By David J. Hill, The Tonawanda News, link to original post
A long-dormant plan to convert former rail lines in the Tonawandas into paved trails for walking and biking has gained new life.
With the support of officials from both the town and City of Tonawanda, Erie County parks officials have stepped up their efforts in creating the Rails to Trails program, a six-mile multi-use pathway — similar to the Riverwalk in Niawanda Park — extending from the North Buffalo Greenway to the Town of Tonawanda and ending in the City of Tonawanda.
The 12-foot, paved pathway would have multiple access points, and would be available for seasonal use only during daylight hours.
Rails to Trails isn’t new, officials noted. “This project’s been around in concept since the early 1980s,” Brian Rose, of the Erie County DPW Division of Highways, told the city’s Common Council during a recent meeting. “The fundamental concept is to put a trail right on the old rail bed, which makes the most sense.”
Rose said the trail would connect to a number of potential destination points for people while offering them a healthy, off-road way of getting to those areas.
He said the Federal Highway Administration would cover 80 percent of the cost, with Erie County kicking in the remaining 20 percent. “There’s no up front cost to either the city or the town,” he said.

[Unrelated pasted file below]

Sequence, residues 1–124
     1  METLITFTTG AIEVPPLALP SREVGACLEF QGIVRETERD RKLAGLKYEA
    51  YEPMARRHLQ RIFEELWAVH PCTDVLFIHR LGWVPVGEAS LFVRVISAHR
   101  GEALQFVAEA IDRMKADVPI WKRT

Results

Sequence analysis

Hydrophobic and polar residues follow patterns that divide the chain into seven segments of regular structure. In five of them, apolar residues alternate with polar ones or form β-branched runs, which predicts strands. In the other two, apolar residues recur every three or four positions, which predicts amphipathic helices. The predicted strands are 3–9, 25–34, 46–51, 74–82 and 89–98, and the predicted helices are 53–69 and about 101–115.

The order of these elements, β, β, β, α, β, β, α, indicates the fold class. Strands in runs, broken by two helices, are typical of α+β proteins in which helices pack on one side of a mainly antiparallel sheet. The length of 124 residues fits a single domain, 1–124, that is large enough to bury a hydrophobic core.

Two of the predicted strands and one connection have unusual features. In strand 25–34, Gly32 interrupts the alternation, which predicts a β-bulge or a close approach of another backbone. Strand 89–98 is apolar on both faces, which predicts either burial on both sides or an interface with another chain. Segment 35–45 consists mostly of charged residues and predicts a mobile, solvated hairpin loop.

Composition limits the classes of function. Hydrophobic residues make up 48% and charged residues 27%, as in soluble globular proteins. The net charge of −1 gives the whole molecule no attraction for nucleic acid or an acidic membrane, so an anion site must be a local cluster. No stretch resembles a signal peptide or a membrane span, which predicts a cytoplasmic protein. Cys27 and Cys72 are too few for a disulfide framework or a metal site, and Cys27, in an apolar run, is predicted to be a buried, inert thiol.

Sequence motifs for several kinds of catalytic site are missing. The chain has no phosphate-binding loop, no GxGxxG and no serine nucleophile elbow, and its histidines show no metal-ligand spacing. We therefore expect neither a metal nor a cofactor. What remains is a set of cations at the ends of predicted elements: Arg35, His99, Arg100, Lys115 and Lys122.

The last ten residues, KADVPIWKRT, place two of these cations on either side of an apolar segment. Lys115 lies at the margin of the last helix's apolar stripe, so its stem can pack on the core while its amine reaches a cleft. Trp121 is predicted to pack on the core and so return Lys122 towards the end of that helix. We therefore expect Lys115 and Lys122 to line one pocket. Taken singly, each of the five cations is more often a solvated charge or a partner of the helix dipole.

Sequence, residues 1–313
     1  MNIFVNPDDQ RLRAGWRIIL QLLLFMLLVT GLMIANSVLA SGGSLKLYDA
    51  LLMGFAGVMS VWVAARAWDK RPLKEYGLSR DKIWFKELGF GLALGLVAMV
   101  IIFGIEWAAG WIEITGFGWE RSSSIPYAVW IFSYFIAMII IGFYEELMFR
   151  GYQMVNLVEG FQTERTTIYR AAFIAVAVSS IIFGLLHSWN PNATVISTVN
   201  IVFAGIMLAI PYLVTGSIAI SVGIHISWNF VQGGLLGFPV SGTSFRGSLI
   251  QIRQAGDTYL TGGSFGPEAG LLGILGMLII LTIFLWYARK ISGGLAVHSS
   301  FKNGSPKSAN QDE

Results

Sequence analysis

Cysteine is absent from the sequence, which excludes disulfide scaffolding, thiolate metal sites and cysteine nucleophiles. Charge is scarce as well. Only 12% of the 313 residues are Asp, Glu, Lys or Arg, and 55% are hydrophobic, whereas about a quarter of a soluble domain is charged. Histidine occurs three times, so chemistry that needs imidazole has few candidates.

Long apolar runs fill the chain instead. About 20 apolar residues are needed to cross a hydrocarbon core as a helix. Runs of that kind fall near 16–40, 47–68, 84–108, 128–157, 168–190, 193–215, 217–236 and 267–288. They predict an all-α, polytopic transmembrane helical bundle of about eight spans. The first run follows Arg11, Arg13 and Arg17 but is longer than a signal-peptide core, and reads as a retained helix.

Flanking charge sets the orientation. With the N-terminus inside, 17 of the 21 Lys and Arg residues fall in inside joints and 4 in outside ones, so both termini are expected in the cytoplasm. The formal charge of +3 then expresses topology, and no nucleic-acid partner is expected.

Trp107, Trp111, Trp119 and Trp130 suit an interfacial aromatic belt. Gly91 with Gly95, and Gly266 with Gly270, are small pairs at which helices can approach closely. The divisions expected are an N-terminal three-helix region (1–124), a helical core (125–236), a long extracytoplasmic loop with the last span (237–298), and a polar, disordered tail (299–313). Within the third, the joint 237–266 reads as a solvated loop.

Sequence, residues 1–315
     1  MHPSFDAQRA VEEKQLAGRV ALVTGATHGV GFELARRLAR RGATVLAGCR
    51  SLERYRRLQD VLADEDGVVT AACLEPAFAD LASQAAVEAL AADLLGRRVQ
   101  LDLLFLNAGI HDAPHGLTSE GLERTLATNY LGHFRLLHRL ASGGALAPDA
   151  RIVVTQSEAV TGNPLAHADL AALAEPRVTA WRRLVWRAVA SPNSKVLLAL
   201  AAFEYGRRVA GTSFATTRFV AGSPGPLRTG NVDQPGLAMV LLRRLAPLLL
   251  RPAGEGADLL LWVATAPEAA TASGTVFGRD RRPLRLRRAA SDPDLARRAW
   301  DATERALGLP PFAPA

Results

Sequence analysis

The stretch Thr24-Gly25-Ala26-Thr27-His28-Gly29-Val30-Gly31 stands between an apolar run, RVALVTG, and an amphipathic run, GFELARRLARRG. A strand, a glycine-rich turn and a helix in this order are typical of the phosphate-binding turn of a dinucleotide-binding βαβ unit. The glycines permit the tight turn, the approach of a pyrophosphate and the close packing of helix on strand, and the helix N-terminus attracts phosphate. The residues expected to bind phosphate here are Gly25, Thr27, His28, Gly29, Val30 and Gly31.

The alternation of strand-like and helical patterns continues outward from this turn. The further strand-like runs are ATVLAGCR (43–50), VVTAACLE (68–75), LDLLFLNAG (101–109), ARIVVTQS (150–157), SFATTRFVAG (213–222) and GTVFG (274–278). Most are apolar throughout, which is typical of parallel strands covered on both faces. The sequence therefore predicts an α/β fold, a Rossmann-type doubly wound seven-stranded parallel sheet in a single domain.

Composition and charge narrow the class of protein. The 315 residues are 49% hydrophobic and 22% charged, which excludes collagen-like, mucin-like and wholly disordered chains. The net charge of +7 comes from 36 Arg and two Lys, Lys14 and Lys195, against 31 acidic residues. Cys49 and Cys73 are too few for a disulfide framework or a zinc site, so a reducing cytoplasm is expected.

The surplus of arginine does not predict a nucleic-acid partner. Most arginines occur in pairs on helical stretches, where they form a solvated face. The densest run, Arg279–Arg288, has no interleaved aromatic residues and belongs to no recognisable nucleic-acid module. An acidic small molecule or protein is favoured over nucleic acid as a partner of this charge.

However, if and when the trail is built, the county would turn over maintenance of the trail to the city and the town, both of which would be responsible for periodic mowing and trash pickup.
Both city and town leaders have expressed support for the project, although some presumed the Rails to Trails plan had been nixed. “I thought it was dead, it’s been so long,” Common Council President Carl Zeisz said.
“That’s one of those projects that I was informed about, I think it was in 2006-2007, and we’re just now talking about it again, but you never know,” Mayor Ron Pilozzi said during a council meeting last month.
The Greater Buffalo-Niagara Regional Transportation Council’s Transportation Improvement Program for 2011 to 2015 calls for the Rails to Trails project to begin in five years. Its estimated cost is a little more than $2 million.
“The project has languished,” Rose admitted. “We believe in the project. The nut we haven’t been able to crack is to get an agreement with the NFTA to use the old railbed.”
The county is hopeful that with Tonawanda officials’ support, the NFTA will turn the property over for the trail’s creation.
“It’s going to be a great project,” Town Supervisor Anthony Caruana said Wednesday. “It’ll give us more access for people to use the old railroad and put it to good use. It would be very exciting.”